The film had a hard time in finding a distributor. When filming finally began, New Line Cinema was the distributor, but they dropped the film from distribution when they saw an early cut. It later got a limited cinema run, through a small independent distributor, before finally making a big premiere on the Showtime Entertainment TV channel.
Jeremy Irons originally turned down the role because he knew playing this character would hurt his career. After thinking it over and being convinced by Glenn Close that working with Adrian Lyne was an experience he should not missed, he agreed to play Humbert Humbert, not before securing a good paycheck anticipating a few years of possible unemployment.
Due to considerable difficulty in securing an American distributor, the film had a very limited theatrical run in order to qualify for award contention. The final domestic gross income was over $1.1 million on a $62 million budget.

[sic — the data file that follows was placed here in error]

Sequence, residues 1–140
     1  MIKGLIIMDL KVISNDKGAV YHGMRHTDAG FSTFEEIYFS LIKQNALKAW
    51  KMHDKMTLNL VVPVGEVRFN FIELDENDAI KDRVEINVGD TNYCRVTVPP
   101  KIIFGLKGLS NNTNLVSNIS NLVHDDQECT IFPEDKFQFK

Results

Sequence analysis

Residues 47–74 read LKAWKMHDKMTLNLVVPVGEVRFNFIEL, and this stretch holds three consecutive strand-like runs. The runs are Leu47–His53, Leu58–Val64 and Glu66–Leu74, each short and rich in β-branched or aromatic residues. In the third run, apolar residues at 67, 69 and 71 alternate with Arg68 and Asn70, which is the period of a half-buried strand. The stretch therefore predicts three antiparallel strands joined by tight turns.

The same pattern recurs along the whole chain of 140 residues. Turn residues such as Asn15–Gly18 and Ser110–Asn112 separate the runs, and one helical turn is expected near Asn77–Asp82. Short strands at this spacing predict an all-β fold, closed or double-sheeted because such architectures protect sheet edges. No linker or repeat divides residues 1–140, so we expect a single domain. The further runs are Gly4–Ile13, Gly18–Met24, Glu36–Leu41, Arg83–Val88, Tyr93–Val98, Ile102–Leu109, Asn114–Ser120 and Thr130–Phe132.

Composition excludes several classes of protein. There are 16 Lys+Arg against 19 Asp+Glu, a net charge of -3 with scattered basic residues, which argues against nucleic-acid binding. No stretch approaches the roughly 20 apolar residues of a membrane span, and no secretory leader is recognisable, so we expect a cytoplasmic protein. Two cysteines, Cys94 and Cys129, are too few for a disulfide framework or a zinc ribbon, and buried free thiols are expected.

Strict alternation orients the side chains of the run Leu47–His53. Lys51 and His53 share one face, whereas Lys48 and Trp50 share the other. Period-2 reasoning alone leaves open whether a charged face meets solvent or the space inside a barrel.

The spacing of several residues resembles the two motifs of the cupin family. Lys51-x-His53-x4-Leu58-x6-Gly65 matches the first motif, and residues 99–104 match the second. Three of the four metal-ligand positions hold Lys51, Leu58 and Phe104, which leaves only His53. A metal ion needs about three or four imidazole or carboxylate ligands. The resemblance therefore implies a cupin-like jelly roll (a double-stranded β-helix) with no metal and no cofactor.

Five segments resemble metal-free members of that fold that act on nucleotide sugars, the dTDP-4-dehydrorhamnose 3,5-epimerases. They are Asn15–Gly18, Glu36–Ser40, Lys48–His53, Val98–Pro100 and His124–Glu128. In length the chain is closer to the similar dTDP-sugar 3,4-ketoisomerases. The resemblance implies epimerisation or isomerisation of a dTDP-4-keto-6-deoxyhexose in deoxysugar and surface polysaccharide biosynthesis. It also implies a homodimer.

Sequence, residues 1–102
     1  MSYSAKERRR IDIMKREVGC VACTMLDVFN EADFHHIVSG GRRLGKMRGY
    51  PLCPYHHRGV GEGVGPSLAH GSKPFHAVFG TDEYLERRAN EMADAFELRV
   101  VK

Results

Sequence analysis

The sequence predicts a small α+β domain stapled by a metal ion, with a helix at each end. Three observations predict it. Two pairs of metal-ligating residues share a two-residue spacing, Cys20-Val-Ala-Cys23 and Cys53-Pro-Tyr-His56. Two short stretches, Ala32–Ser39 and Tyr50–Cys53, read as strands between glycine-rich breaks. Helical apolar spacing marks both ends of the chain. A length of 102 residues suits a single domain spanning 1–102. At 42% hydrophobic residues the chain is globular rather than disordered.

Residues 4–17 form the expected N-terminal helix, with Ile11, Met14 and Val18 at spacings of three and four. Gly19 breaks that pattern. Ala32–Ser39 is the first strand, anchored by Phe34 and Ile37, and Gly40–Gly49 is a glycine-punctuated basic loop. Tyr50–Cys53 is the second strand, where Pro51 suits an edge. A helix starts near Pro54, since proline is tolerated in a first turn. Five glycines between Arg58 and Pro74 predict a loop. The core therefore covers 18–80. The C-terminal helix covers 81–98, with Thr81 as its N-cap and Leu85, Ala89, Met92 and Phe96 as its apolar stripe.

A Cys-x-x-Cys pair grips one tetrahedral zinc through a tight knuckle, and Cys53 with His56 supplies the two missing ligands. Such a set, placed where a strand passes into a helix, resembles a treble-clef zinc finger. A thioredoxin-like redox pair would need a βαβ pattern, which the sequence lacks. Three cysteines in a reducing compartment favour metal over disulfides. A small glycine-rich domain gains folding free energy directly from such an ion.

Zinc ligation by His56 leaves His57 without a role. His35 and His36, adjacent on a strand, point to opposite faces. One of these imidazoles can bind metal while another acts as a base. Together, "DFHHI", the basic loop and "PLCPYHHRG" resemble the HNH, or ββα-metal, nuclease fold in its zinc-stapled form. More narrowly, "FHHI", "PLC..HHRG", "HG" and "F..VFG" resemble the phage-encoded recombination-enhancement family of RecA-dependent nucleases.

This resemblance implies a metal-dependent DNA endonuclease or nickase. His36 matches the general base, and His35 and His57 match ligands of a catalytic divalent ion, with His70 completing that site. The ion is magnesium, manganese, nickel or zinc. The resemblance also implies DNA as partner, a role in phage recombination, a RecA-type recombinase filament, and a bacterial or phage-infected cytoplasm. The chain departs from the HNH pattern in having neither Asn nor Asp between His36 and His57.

Melanie Griffith plays the mother of Lolita, but in real life it was a young Melanie who went off with an older man. When she was just fourteen she fell in love with her mother's co-star (Don Johnson) and the two pursued a relationship.
More explicit versions of the comic book and the Lake Point Cottages scenes were submitted to the British Board of Film Classification in 2000 for inclusion as extras on the region 2 DVD. The BBFC refused certificates for the scenes, noting that they would not have been passed if they were included in the film, and were especially problematic out of context.
The trivia item below may give away important plot points.
Frank Langella discovered belatedly that director Adrian Lyne had kept a full-frontal nude-shot of him (during Quilty's death scene), and left it in the movie. Langella was furious with Lyne over what happened; he still gets embarrassed talking about it.